International voluntary (Janzekovic & Silander 2014). States are required

Internationallaw is comprised of different aspects such as treaties, charters (for examplethe UN Charter), protocols, international agreements, customs and legalprecedents (Wet 2002).  Traditionally,international law was mainly concerned with governing of relationship betweenstates. However, the law has undergone considerable evolution over the years toinclude relations between international organizations’, individuals and states.This has greatly broadened the international law. Internationallaw plays an essential role in solving global concerns/issues affectingdifferent facets of humanity such as insecurity.

Focarelli (2012) supports theview that international law can enhance promotion of global justice if it isconsidered as a social phenomenon.  Oneof the fundamental responsibilities of the state is to ensure security in thesociety. According to Ruka (2017), individual states and the internationalcommunity have duties and responsibilities that they are required to fulfilunder the substantive and formative law amongst them promoting security in thesociety. Thus, the state is linked to international law. Unlikedomestic/national law, implementation of international law by states isvoluntary (Janzekovic & Silander 2014). States are required to voluntarily accept the commitments stipulatedunder the international treaty in order to be bound by such commitments.

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  The voluntary nature of international law hasconsiderable implications on the extent to which states may comply with theinternational treaties.  Childress (2011)emphasise that the lack of central enforcement under international law meansthat states must be motivated to comply by other factors rather than the threatof facing internal sanctions. This indicates that international law may becharacterised by challenges in shaping state behaviour.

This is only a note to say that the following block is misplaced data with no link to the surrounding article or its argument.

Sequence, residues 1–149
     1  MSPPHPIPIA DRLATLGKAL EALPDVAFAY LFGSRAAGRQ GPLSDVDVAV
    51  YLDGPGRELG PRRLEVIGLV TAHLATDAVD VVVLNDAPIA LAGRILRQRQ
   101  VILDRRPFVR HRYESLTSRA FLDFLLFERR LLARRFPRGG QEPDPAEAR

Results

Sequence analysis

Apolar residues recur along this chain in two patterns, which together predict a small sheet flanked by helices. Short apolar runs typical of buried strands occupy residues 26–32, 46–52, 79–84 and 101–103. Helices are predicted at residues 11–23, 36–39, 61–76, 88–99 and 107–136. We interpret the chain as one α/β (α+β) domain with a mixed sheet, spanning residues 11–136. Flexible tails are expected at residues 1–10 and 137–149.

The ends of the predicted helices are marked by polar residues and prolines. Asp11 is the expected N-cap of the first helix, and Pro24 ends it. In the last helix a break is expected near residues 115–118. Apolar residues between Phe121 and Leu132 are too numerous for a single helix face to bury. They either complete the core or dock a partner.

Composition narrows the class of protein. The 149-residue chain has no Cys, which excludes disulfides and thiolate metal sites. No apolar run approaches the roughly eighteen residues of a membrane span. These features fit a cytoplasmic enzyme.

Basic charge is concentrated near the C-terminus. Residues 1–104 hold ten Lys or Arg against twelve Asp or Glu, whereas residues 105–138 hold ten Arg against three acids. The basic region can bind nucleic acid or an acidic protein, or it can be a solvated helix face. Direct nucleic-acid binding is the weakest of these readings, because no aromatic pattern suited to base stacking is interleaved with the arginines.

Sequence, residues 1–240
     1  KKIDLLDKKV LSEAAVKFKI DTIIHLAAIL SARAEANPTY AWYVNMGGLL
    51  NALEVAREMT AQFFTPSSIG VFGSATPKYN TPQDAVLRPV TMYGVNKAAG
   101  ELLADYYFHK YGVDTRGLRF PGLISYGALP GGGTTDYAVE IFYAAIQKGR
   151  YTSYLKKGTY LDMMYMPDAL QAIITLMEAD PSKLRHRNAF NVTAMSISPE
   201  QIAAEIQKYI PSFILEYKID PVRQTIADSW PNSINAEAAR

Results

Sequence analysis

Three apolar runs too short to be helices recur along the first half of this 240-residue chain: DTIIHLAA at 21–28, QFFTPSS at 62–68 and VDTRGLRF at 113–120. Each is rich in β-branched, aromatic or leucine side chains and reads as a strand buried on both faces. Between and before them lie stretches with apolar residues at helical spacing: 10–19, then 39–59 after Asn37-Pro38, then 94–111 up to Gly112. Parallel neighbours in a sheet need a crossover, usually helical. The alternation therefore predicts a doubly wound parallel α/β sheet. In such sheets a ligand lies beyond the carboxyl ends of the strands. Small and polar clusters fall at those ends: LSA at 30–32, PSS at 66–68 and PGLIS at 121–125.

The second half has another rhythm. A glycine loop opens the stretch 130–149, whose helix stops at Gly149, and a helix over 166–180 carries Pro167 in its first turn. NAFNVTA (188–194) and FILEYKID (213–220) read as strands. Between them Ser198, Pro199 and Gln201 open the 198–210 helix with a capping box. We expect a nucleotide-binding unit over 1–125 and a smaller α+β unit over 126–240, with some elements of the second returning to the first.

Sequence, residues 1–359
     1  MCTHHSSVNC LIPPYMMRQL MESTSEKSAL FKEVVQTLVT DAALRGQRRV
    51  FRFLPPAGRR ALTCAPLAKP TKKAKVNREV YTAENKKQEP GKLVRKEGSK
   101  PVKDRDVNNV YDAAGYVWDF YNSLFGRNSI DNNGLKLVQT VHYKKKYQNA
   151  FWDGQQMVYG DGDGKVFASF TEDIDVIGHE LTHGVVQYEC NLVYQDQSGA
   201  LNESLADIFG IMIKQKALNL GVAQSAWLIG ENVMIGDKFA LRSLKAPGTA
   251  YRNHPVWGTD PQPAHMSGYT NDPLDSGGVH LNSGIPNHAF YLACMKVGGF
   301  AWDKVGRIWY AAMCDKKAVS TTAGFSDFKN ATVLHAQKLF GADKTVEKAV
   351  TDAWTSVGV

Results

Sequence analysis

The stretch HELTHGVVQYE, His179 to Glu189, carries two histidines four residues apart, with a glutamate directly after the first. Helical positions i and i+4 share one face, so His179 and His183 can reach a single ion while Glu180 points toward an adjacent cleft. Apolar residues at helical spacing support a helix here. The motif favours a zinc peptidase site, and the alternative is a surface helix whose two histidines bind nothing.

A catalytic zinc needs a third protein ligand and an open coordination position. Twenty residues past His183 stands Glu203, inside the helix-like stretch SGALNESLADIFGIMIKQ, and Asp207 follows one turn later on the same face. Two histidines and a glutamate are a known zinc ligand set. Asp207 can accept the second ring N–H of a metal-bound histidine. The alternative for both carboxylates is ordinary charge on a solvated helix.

This research paper evaluates the extent towhich international law shapes state behaviour with reference to the UN Charterand international law governing the use of force. The analysis evaluates thecircumstances and extent to which international law either prohibits or allowsstates to use force. Analysis International law and state behaviourIninternational law, the phrase state behaviour is used to refer to how acountry’s domestic behaviour is influenced or altered by the goals andobjectives of stipulated by international institutions or treaty obligations(Withana 2008). In an effort to promote global peace following occurrence ofWorld War I and II, the United Nations formulated a Charter whose goal was toeliminate the use of armed force in dealing with conflicts between states.Article 2(4) of the Charter prohibits UN member states from threatening orresorting to use of force against another politically independent state orthreatening its territorial integrity or acting in a manner that is contrary tothe purposes of the UN (Joyner 2005; Arend & Beck 2014). In spite of theserequirements, there are grounds on which the UN Charter allows states to resortto use of force as expounded herein. Self-defence States’involvement in transnational intervention is considered violation of anothercountry’s territorial integrity and national independence (Withana 2008).  States may only be permitted to resort toforce as self-defence.

A state has a right to self-defence and hence may takethat action by itself. Alternatively, a state may seek assistance of anotherstate. An attack on one of UN member states may compel other states to respondby attacking the aggressor (Reus-Smit 2004). For example, according to Article5 of the North Atlantic Treaty, an attack on a member state is considered anattack on all the NATO member states. Under such circumstances, the memberstates are obliged to attack. This indicates that international law may compelstates to act collectively in response to use of force.  A decision to use force in self-defence musthowever be authorised by the UN Security Council in accordance with Chapter 7of the UN Charter (Withana 2008).